In 1936, Williams enrolled at Washington University in St. Louis and his writing continued. In 1937 he transferred to the University of Iowa, graduating with a BA in English in 1938. In 1939 he adopted the pen name Tennessee Williams.

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Brooding Brando in the movie version of A STREETCAR NAMED DESIRE (1951)

After another five years of writing toil and working in menial jobs, he became famous ‘overnight’ with The Glass Menagerie (1944), a play that reflected his unhappy family background.

This was the first in a run of huge hits that included A Streetcar Named Desire (1947), Cat on a Hot Tin Roof (1955) – both of which won the Pulitzer Prize for Drama – and Sweet Bird of Youth (1959).

Both Streetcar and Cat were made into highly successful films, which brought his work to a much wider audience. Both stories included references to various aspects of Williams’ life including his depression, alcoholism and homosexuality.

The playwright has began exploring his homosexuality in the late 1930s and had various relationships before settling into a long-term relationship with Frank Merlo in the late 1940s.

By this time, and following his sister’s severe ill health and institutionalisation, Williams was already a seriously heavy drinker, suffering from depression, and a user of amphetamines and barbiturates.

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Paul Newman and Elizabeth Taylor in CAT ON A HOT TIN ROOF (1958)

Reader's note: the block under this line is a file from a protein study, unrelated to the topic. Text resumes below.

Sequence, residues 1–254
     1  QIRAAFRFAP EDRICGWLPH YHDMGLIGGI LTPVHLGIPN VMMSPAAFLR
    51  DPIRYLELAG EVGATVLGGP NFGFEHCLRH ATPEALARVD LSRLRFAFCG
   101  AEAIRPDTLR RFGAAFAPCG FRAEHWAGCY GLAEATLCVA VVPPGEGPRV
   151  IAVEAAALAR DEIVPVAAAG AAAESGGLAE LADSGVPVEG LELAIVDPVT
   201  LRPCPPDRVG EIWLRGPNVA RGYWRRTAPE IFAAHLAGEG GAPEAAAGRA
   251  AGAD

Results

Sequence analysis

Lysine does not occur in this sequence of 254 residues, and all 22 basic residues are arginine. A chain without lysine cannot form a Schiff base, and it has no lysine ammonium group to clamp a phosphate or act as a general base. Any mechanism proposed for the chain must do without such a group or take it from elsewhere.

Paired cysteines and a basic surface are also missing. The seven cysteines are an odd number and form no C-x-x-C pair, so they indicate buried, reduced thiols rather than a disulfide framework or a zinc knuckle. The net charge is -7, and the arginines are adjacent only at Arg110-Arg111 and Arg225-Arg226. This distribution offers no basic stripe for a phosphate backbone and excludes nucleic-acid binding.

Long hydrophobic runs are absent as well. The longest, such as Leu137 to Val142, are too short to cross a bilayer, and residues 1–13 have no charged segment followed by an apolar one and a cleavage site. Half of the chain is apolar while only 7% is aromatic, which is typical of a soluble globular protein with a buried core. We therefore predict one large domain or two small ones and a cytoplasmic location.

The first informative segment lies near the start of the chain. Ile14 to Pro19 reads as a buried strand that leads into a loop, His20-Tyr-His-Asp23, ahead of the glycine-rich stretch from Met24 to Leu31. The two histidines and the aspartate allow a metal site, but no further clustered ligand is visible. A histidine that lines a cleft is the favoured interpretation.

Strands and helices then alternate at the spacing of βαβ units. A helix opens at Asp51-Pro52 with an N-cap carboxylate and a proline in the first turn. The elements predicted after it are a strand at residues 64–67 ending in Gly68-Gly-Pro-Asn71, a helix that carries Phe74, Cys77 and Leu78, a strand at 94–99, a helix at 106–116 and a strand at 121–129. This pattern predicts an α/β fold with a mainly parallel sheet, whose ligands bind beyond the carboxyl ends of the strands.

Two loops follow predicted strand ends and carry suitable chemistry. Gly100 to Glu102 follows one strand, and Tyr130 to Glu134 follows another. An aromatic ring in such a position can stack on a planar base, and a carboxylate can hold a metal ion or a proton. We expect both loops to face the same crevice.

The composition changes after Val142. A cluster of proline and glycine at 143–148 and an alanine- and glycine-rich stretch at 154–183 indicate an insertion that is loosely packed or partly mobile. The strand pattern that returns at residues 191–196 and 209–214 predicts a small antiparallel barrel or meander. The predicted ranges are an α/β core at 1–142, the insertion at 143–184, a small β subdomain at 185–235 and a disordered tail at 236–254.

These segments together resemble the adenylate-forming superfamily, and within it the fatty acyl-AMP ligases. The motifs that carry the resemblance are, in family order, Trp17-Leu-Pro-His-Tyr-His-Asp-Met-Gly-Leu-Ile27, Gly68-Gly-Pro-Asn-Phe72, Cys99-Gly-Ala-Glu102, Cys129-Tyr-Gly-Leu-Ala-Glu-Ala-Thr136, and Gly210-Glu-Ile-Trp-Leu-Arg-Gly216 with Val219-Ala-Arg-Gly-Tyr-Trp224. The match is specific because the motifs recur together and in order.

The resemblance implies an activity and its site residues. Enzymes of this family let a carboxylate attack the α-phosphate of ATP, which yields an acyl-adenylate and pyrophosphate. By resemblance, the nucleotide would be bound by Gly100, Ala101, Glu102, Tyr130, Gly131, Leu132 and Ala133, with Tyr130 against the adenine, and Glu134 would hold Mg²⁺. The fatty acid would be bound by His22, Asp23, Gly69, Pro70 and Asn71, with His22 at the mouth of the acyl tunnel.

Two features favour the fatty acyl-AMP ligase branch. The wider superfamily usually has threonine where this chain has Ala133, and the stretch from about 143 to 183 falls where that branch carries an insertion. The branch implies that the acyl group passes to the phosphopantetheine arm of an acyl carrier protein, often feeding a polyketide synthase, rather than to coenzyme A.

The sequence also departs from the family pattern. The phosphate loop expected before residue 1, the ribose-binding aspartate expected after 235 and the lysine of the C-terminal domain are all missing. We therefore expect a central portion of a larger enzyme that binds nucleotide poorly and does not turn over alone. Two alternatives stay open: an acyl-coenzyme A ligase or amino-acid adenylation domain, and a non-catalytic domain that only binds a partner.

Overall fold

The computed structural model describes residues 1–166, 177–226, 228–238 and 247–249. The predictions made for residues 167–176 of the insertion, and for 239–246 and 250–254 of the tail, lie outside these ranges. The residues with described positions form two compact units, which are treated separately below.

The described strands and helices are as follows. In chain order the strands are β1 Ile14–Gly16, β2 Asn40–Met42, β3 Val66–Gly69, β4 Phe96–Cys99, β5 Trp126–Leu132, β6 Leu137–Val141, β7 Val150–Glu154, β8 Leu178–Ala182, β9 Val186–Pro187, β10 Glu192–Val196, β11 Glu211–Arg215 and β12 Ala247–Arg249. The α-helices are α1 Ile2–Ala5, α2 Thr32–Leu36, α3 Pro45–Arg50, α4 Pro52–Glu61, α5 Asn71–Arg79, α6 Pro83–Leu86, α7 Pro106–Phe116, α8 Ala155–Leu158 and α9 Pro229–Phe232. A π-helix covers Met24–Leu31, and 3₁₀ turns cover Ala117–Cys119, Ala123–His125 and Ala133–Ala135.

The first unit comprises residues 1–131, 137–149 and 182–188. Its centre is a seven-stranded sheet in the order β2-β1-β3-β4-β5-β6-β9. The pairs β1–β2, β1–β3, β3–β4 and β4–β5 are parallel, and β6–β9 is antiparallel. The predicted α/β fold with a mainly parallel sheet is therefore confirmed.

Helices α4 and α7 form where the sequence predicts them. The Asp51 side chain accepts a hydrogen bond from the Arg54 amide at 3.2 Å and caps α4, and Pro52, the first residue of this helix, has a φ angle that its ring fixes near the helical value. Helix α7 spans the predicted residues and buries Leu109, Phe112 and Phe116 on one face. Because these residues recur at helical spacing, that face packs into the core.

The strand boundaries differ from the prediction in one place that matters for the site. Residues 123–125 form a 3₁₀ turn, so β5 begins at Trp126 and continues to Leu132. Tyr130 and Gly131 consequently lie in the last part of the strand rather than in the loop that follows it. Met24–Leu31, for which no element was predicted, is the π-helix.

Merlo became his personal secretary and a source of stability for some years until drug use and infidelities on both sides ended the 14-year relationship.

Shortly after, Merlo was diagnosed with lung cancer and Williams cared for him until he died in 1963.

In the years following, the writer descended into depression and increasingly heavy use of prescription drugs. A convert to Roman Catholicism (later said to be against his will) he was committed to mental health facilities a number of times. He never again scaled the heights of his earlier successes.

On 25th February 1983, he was found dead – aged 71 – in his suite at New York’s Hotel Elysée. The Chief Medical Examiner said Williams had choked to death after inhaling the plastic cap of a bottle, although there has been some debate about his actual cause of death. Despite his wishes to be buried at sea, he was buried in St. Louis, Missouri.